As Esparza has described it, his use of adobe is a means of “building up…space out of brown matter.”7 Building space of and from brown matter—those brown colored adobe pavers—creates a relay between the politicized intentions of their collaborative work and the performance’s materials. Brown adobe, in other words, becomes a means of articulating the politics of post-coloniality that animated their movements. Brown-becomings indicate a desire for a future different from the now, a now that is overly determined by Muñoz’s notion of feeling brown, or not feeling quite right, and mark a mode of transformation in which that different future is made actual, if only for the duration of a performance.8 Building’s use of dust, dirt, and adobe offers a means of expanding Muñoz’s conception of feeling brown by exploring how affective sensations are activated through materially felt ones. How, in other words, did the dust and dirt of building activate the sense or feeling world of brown-becoming?
As building draws my analysis through the politics surrounding the revitalization of the L. A. River and a deeper history of water rights in Los Angeles, it frames a constellation among the materiality of the felt world, affect theory, and urban planning. Such a constellation asks us to surface the affective pleasures and traumas of urban sites and as well as the ways affect is produced through the built dimensions of public space. Brown affect, Muñoz writes, is “the sharing out of a brown sense of the world…that…maintains the urgencies and intensities we experience as freedom and difference.”9 Dust and dirt, I argue in this essay, are such material means of sharing out a brown sense of the world.
Some fifty miles long, the L.A. River begins in Simi Hills and the Santa Susana Mountains. It winds its way east through the San Fernando Valley, before curving south and cutting through Atwater Village, Echo Park, Boyle Heights, Vernon, East Compton, and then washing out into the Pacific Ocean in Long Beach Harbor. The L. A. River, which yearly overflowed its banks, was transformed into a concrete system of flood control channels following the 1938 flood, which claimed an estimated 144 lives.10 The large-scale engineering project, undertaken by the Army Corps of Engineers and funded through the Works Progress Administration, also opened up swaths of land previously too dangerous to build on, due to the threat of flooding. Long before it became a concrete river, the Tongva and Chumash tribes occupied the flood basin. Later, the abundance of fresh water made the area ideal for Spanish colonizers. It was briefly the capital of Alta California under Mexican rule and, eventually, the final respite for later waves of American settler colonialists moving westward. Today, it offers little water to the city or county. Instead, Los Angeles imports most of its water from other parts of the state via aqueducts.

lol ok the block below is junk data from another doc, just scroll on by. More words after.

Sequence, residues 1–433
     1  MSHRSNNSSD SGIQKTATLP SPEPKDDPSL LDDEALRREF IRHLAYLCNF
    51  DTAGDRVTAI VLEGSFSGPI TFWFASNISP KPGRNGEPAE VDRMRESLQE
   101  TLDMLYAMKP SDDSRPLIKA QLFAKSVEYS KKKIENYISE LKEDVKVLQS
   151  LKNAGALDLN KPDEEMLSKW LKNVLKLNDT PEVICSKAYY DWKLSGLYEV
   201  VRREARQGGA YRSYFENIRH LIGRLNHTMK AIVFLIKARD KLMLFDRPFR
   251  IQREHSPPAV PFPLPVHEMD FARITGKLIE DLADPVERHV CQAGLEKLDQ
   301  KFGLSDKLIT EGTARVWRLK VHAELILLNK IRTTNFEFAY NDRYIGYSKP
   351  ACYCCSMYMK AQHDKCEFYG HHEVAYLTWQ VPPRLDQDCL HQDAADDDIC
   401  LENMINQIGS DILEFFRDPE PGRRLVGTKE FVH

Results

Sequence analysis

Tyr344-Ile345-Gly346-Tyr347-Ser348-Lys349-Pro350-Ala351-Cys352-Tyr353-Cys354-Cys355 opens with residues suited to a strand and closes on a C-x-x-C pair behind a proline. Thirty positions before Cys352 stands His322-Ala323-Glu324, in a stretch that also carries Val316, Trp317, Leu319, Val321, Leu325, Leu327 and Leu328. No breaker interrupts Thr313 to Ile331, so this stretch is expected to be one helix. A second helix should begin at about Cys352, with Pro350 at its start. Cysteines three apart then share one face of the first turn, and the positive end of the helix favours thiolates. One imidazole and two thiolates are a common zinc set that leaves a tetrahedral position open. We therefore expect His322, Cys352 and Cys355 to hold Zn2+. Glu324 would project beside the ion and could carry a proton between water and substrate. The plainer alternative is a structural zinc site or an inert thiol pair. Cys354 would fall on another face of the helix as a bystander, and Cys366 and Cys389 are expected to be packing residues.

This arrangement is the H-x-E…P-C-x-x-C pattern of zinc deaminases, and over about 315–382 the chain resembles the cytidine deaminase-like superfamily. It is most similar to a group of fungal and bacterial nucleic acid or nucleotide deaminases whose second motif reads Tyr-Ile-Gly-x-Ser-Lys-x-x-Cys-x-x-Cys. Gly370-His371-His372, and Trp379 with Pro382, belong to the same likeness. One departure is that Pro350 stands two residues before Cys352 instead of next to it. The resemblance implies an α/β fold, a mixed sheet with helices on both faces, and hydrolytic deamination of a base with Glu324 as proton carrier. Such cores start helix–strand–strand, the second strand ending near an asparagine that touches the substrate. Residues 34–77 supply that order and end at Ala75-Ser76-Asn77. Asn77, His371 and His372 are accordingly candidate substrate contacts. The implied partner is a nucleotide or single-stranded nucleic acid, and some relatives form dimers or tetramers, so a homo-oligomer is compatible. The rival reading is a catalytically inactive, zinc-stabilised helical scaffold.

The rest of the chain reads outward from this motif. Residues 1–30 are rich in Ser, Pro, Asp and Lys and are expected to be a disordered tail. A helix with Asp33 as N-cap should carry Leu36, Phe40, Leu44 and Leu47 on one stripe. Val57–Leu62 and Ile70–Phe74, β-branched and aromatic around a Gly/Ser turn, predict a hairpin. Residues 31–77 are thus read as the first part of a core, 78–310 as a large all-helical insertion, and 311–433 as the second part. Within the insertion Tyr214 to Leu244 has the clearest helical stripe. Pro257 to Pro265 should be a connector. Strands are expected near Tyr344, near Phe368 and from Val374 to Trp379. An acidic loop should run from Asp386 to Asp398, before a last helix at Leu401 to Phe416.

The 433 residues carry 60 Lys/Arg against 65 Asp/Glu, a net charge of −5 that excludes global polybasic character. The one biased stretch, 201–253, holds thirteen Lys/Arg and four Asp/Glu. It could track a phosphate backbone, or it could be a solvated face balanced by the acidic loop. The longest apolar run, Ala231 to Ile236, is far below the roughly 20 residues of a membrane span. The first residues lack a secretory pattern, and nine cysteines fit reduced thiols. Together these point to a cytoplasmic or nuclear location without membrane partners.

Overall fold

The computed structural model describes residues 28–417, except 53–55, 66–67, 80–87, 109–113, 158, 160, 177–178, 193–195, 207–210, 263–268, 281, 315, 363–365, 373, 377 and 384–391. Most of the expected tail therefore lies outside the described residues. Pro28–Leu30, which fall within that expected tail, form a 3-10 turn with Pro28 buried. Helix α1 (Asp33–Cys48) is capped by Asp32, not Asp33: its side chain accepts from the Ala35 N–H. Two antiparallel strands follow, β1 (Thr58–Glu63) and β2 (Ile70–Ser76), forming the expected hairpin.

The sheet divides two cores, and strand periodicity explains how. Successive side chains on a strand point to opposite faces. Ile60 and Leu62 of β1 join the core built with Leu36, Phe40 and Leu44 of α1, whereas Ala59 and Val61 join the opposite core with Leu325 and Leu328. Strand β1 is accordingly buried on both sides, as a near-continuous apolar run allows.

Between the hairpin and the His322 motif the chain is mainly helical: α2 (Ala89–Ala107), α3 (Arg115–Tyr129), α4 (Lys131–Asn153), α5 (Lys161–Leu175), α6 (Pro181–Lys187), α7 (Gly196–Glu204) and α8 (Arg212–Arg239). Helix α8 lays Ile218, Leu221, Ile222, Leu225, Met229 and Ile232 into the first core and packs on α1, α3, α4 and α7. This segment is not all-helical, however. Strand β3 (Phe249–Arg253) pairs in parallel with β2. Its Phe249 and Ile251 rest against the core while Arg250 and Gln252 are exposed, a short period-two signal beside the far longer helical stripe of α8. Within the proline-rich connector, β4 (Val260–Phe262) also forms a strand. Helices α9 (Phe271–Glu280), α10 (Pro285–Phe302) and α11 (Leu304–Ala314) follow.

Parker’s The Unfinished, Esparza and Hernandez’s “stage,” is 137 feet long and was achieved by digging down through the road’s asphalt surface. The Unfinished is a full-scale replica of an Egyptian archaeological site known as The Unfinished Obelisk, which was abandoned after a fissure was discovered running through the granite. The title of Esparza and Hernandez’s performance—building: a simulacrum of power—draws inspiration from Parker’s work. An obelisk, their title indicates, is merely a simulacrum of power. This naming of the representation of power challenges the pharaonic authority of the original obelisk to which Parker’s earthwork alludes. It also, if obliquely, references the Bowtie’s history of industrial use. It took six months for Parker to get clearance from the parks department to drill down into the asphalt surface of the roadway, due to concern about lingering soil toxicity resulting from the site’s former use as a rail yard and switching station.
For their performance, Esparza and Hernandez covered the asphalt surface of Parker’s piece with a layer of adobe pavers made from a mixture of dirt, straw, L.A. River water, and horse dung (necessary for ensuring the mixture adhered). Since 2012, Esparza has incorporated adobe bricks or pavers into his performance and sculptural works. With the help of his family, he made by hand the 1,500 pavers that cover the obelisk’s surface, and the material has special significance for him. Prior to immigrating to Los Angeles from Durango, Mexico, as a young man, Esparza’s father Ramon constructed his first home from handmade adobe.11 As Esparza describes it, his own use of bricks is a way of honoring his father’s specific history.